Ting Internet Fiber

Centennial Mayor Stephanie Piko with a prop switch at a September 2018 ceremony in the city's Willow Creek neighborhood marking the initial activation of contractor Ting's high-speed internet service.

Ken Lucas, a Centennial City Council member and mayor pro tem, has fiber sticking out of the ground in his front yard. It’s a visual reminder of how far the south Denver metro city of 110,000 has come in the five years since voters opted out of Senate Bill, which limits cities from offering their own broadband-internet services.

More than 100 local communities across the state have opted out of the state law, but very few have yet completed as much work as Centennial has.

Voters in those cities decided that they’d get better internet service with their local governments involved than relying on the private marketplace.

The wave in favor of community broadband has been especially pronounced in areas outside the state’s big cities where residents sometimes feel they’re not getting the best internet service from big commercial providers. In rural areas, it often doesn’t pencil out for the private sector to build or expand high-speed networks.

But such measures have passed in larger cities, too, including Colorado Springs in 2017.

Centennial recently unveiled its fiber backbone, which Lucas said will have a daily impact on businesses and residents of the city.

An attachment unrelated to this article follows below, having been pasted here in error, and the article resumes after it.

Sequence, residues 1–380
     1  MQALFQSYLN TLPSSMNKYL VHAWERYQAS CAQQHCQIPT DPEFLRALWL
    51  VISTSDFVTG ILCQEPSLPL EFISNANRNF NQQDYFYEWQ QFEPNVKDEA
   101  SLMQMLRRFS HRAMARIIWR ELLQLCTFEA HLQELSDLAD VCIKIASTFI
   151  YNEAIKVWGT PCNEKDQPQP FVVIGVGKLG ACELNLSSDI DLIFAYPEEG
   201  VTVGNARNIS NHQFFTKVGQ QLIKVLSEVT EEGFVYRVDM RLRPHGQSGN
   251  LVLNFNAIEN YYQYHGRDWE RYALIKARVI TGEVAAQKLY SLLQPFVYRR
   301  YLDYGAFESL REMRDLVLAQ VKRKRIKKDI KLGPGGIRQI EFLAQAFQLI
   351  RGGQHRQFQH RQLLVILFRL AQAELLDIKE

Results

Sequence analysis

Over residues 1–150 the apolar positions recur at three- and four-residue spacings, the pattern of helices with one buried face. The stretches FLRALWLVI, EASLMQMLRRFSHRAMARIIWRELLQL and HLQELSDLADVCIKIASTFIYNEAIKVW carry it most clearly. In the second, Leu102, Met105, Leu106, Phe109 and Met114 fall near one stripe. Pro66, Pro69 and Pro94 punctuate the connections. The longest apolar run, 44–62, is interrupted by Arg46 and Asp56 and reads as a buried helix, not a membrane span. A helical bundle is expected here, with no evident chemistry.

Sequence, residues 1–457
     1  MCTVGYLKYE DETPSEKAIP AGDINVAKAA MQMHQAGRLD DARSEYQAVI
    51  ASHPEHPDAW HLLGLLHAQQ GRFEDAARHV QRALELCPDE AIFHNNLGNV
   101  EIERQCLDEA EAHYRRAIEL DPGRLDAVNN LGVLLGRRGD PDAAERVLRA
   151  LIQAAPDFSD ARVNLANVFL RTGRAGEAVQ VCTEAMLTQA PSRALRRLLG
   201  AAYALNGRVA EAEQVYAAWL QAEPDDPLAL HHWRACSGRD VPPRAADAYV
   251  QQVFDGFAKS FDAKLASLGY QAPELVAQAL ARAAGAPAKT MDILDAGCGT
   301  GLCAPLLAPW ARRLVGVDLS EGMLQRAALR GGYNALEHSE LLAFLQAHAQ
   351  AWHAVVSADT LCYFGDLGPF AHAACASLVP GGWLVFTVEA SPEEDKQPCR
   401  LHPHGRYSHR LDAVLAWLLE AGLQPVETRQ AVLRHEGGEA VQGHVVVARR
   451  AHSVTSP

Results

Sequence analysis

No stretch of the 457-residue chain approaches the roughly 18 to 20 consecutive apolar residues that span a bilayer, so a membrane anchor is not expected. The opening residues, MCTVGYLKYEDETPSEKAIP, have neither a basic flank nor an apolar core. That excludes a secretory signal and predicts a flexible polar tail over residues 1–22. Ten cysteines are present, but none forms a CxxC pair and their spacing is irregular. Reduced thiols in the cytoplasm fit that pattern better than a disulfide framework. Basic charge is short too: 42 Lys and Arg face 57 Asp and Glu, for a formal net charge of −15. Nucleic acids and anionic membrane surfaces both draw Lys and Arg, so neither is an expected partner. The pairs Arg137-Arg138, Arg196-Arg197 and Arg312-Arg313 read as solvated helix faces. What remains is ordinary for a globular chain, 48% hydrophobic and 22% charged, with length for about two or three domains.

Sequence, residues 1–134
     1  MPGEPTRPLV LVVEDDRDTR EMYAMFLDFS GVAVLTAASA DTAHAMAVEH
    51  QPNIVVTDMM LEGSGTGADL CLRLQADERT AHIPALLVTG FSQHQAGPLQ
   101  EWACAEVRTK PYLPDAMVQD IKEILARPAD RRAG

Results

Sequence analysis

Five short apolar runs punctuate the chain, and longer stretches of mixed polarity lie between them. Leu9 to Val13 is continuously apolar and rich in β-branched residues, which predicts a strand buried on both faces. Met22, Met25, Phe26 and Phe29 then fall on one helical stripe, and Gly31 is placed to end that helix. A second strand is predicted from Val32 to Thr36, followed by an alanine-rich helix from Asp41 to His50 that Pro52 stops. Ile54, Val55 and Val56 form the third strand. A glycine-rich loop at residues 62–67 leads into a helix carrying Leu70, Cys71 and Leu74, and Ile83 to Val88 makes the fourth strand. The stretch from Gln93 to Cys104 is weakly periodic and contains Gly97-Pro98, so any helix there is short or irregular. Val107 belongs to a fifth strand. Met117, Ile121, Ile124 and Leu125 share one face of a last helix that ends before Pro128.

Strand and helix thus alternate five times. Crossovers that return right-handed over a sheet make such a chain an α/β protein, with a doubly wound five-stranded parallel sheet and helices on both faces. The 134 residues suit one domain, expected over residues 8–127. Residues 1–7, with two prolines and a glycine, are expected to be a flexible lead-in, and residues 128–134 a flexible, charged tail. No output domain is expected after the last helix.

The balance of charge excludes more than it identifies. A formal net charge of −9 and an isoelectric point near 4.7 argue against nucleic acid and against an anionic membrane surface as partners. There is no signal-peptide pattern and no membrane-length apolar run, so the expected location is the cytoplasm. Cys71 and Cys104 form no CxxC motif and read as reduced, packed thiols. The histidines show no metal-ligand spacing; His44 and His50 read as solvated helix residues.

SB 152 became law in 2005 after former Gov. Bill Owens signed the act. The measure, backed by various telecom companies, dictated that municipalities couldn’t run their own broadband or television services.

But they could opt out through a citizen vote, which has become increasingly common across the state.

This year Aurora, Cañon City, Florence, Fountain and Erie voters all decided to opt out of SB 152 — many doing so with the belief that it will help their community’s economy.

Lucas, who acts as Centennial's Fiber Commission chair, has a background in startups and venture capital, so when he was sitting in a Colorado Municipal League conference about opting out of the state law several years ago, he said he knew it could be a good thing for his city.

“This is something I had funded when I was in the investment banking business. I knew about fiber and what it could do,” he told Colorado Politics.

Centennial’s journey began in 2013 when city voters approved opting out of SB152, which let the municipality build its fiber system and make non-exclusive partnerships.

“It did take a lot of planning. We weren't in any hurry, we wanted to do it right,” Lucas said. “We started out and said it won’t cost us anything to put it on the ballot, and a lot of very important discussions happened at the council level. We were worried about competing with the private sector, so we wrote the question saying that we’d be an open access model. A lot of people haven’t done open access, which means we’ll provide the fiber network and let the private sector to see if they want to access it.”

And it has.